I have been having a very happy reading time. I am fortunate in having a nice library just down the hill. It is large and friendly, and we do get new books. And my library had The Benefit of Hindsight by Susan Hill.
Not all great novelists can write crime fiction,
but when one does like Susan Hill does, the result
– Ruth Rendell –
Ages ago I was an avid reader of the Susan Hill crime series featuring her detective, Simon Serrailer. I read my library find and it sent me back to my own shelves to read this series from the start again! These are serious tales and all too often the crimes are not neatly solved come the end of the book. But this is Susan Hill writing, and you can trust her. I am smiling because at the end of one of the books a really BAD thing happens and there was talk that the author would not be continuing the series. I wrote to simply ask if that was so and she responded by answering the unasked question: Don’t worry she said, he will be alright!
Another favourite mystery writer is E C R Lorac (Edith Caroline Rivett). She wrote during the so-called Golden Age of mystery and died way back in 1958. Her books are much lighter and features the delightful Inspector Robert MacDonald. Always a pleasure to come across him. I think that thus far my favourite is Fell Murder but at the moment I am well into Murder’s Mistake and that is promising to be a good’un. The books are sometimes set in London, often in Lancashire. I enjoy the sense of place and the really good dialogue. These books are very inexpensive so it is quite painless to give them a try and join Robert MacDonald as he strides up hill and down dale.
Years ago I was living in Luanda in Angola and trawling through Amazon trying to find books I could take a flyer on. Cost was, and still is always an issue. Anyhoo, I came across a writer called Steven F Havill. What a lucky find! These books featured Undersheriff Bill Gastner out in Posadas County near the Mexican border. Bill Gastner is very much overweight, comfortable with who he is and more than happy where he is. He can all too often be found in the Don Juan de Onate restaurant wolfing down a green chilli burrito! I like visiting the world this author creates, he sets up a decent plot and is very adept at dialogue. I have been doing some re reading of these very good crime novels and my word, they have stood the test of time.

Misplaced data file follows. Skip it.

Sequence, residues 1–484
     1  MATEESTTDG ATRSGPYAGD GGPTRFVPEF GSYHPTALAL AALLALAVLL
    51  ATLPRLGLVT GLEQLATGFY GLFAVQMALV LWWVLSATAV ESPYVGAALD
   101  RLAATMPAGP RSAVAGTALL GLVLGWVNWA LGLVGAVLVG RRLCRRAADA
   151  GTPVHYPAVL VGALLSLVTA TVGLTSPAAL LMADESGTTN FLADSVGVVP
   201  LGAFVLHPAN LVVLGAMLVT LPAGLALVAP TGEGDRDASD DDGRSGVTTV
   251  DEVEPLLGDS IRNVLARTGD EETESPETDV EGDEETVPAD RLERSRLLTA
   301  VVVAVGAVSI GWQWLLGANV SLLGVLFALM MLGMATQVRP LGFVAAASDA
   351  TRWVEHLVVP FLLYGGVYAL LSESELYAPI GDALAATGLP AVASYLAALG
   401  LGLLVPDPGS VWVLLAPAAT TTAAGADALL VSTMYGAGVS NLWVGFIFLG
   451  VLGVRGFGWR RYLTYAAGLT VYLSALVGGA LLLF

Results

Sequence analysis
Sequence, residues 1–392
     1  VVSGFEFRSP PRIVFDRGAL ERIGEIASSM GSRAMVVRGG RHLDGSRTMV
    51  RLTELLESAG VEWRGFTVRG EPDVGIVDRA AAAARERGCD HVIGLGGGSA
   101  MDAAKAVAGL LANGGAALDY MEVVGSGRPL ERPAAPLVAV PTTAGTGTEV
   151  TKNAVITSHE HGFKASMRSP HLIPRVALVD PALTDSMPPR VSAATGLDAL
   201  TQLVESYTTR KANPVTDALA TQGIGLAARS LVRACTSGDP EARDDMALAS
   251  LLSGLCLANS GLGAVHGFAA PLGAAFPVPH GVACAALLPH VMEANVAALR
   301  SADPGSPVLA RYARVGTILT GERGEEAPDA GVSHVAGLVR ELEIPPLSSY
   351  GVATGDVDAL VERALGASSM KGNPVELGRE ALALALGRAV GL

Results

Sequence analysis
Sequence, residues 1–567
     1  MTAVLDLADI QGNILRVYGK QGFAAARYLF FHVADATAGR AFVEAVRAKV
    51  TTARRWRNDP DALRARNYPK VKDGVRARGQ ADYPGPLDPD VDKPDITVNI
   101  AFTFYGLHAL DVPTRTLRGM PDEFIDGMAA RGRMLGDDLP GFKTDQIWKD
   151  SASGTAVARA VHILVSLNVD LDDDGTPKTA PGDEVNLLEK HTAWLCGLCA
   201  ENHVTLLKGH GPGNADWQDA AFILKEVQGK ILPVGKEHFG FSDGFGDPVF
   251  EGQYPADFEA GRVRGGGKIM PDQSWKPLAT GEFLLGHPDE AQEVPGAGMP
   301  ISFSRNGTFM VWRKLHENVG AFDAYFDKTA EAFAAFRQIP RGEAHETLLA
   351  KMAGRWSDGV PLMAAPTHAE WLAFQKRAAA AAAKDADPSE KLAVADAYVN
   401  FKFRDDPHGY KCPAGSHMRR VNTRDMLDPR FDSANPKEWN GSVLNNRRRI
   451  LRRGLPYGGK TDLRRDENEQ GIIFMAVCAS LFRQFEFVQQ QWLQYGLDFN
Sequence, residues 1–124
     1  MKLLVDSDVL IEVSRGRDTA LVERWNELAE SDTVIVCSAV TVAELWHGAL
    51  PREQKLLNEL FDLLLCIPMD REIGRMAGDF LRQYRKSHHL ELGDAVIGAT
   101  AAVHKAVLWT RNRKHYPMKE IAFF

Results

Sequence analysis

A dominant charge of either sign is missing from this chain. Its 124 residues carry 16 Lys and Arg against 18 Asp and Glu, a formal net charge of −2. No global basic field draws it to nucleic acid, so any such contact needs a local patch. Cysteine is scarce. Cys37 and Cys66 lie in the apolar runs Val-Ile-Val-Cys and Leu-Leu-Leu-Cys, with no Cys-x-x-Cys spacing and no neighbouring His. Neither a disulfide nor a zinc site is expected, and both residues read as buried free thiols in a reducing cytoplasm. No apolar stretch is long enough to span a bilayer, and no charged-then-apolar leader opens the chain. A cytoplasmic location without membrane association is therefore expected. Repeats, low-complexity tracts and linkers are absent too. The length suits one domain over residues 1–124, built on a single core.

And now to Margery Allingham and the bespectacled Albert Campion! I read these books as a young woman so many years ago! At times I have had to have vigorous culls of my books but these somehow survived. How glad I am and how I regret some that didn’t! They were high up in my bookcase and I had all but forgotten about them until I came across an audiobook of The China Governess read by Francis Matthews and was reminded of the pleasures of these complicated amusing and sometimes harrowing stories! The sharp way with which Allingham would use a few words to place a character clearly defined before us. And so back I went to become reacquainted. I had to clamber up on a chair to get hold of the books but now they are within easy reach. These stories are always quite a ride! Sad, funny and scary! Oh, she was a good, good writer! I have so much enjoyed More Work for the Undertaker. Mathers writing in the Observer: to Albert Campion has fallen the honour of being the first detective to feature in a story which is also by any standard a distinguished novel. He was speaking of The Fashion in Shrouds but to my mind that can apply to The China Governess and more.